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The official logo of LateralGM.

LateralGM (LGM) is an alternate Game Maker IDE founded by IsmAvatar that is compatible with both ENIGMA and Game Maker. It can be used to edit projects, but cannot run them without the use of an additional plugin. It has many other uses, including GM8 -> GM6/7 conversion. It is written in Java.

Several rewrites have been attempted:

Within the ENIGMA project, LateralGM is everything you see visually that does not involve the ENIGMA Build menu. It supports theming and customization and has preferences that even include a non drag and drop mode for people who only want to code.


The LateralGM IDE in use with native look and feel on Windows 10

Through the use of The Plugin, LGM may interface with ENIGMA so as to provide compiling and running of the projects. The LGM and ENIGMA projects are largely independent and modular, so that you can usually plug in a newer or older version of either and both will usually still function normally. Normally, when you obtain ENIGMA, it includes LateralGM and the relevant plugin. You can optionally download and use LateralGM by itself from the extra packages page.


The LateralGM IDE in use with Nimbus look and feel.

LateralGM is designed to be very modular so interested projects can splice it up, reuse code, or create spin-offs however they like. Of course, there's the possibility of designing plugins for the purpose of compilers, runners, or internal modifications. The really interesting modularity, though, is that LateralGM keeps front-end (UI) completely separate from the back-end (file, resource), which allows easy replacement or removal of the UI, if desired, or simply only reusing the back-end. Finally, several of the internal classes or some groups of classes are completely independent and can be copied and reused without generating a dependency on LGM itself, such as certain UI components, as well as several of the File-related classes. This doesn't even mention the independent projects that get hooked into LGM, such as the code editor. Through the use of the Swing GUI framework, LGM is also able to provide pluggable Look and Feels.


Building LGM is a process that is not as simple as running make on the directory with the source code, as there are many complex tasks that need to be done which make is less capable of, so we usually use ant instead. Generally, the tasks that need to be done to build are:

  • Apply revision branding to the image and About box (although this may be phased out)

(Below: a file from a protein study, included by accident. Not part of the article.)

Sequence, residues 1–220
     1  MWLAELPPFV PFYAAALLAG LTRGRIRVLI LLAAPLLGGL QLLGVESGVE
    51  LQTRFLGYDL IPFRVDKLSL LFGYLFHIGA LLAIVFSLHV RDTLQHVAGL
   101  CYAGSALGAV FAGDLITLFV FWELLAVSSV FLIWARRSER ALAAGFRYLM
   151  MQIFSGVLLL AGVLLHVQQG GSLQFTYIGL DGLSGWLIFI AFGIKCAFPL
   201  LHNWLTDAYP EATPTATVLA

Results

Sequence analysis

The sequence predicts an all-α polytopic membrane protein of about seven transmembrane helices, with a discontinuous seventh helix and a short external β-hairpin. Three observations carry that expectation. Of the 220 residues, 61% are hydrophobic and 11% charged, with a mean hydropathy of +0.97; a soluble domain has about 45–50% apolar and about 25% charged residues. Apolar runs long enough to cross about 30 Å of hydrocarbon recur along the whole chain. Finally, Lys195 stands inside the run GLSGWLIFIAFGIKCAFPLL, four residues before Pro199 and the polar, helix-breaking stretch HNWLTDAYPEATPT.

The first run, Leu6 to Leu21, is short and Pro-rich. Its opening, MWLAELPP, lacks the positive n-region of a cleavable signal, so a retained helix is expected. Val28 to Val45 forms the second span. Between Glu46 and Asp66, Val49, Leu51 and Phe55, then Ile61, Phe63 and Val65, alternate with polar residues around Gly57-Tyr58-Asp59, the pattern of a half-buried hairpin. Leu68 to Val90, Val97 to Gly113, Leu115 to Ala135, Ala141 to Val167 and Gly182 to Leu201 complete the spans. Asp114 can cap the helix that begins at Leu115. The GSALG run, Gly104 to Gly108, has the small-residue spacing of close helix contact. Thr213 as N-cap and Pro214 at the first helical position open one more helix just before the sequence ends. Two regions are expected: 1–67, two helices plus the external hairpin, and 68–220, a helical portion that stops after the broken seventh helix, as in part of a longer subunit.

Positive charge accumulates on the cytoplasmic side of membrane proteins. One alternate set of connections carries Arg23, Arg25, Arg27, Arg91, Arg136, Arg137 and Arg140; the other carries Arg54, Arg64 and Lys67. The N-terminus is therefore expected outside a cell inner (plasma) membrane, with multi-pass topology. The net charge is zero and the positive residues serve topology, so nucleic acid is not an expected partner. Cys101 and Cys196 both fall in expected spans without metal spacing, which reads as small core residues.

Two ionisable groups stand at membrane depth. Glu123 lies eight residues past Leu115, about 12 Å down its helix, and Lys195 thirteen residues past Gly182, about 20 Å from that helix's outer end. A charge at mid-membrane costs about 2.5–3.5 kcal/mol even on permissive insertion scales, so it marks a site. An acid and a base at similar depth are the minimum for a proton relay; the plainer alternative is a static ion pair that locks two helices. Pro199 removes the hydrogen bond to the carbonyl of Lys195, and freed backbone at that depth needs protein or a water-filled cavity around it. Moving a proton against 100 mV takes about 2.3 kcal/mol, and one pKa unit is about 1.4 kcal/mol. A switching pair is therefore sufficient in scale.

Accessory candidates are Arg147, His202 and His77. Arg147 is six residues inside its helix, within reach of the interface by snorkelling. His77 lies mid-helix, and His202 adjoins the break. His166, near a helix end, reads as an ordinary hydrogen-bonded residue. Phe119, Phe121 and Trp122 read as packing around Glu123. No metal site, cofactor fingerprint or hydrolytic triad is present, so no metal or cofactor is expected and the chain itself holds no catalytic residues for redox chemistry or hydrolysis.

• Compile the classes with an appropriate compiler and settings (currently LGM doesn't compile with the standard Javac, and compiling requires an additional dependency on the Eclipse Java Compiler, although we're working on this)
  • Zip it up into an executable jar

As you can see, this can be a complex task, so it is usually performed by a developer, but instructions are also available for anyone who wishes to build it, even from scratch.

Overriding settings

LGM has several settings/preferences which can be changed, and has a settings panel to do so. There are hidden preferences however because we do not put everything in that frame, you can override these settings with Java Preferences. Please see Overriding settings for more details on these methods.

Developing plugins

Plugins developed for LateralGM are usually written in Java, although they can be written in other languages as long as there is a java port in between that calls your module. The main article explaining how to develop a plugin is LateralGM:Plugins. An example of a plugin is the ENIGMA compiler plugin, aka The Plugin.

Known issues

LGM is intended to be run in Java 7 or later, but will function on Java 6 or Java 5.

All versions suffer from Java bug 7035369 on Linux where Desktop.edit is not implemented, meaning that you can't use the default system editor to edit sprites, backgrounds, and sounds. For a workaround, specify a preferred editor for each. See No internal or system editor as well as #Overriding settings for a workaround.

Some versions suffer from Java bug 937200 where a package installed by WINE emulator overrides the JRE's fonts. The issue needs to be addressed by Oracle as they forgot to include font property files from the redhat build. The issue can be resolved by simply removing the font package installed by WINE and it will still work correctly. Terminal command is as follows...
sudo apt-get remove fonts-unfonts-core

Java 6 intermittently suffers from bug 6826104 on Linux which causes the dialog that appears when X'ing out of a resource frame ("Keep changes?") to throw a NullPointerException in sun.awt.X11.XWindowPeer.restoreTransientFor when you try to click on one of the buttons (like "No"). This bug is fixed in Java 7.

Java 5 is missing some key functionality that Java 6 has, but most of it can be reproduced by downloading an additional SwingLayout-LGM.jar and placing it next to lateralgm.jar. You are, however, strongly recommended to upgrade your Java to a later version.

See Also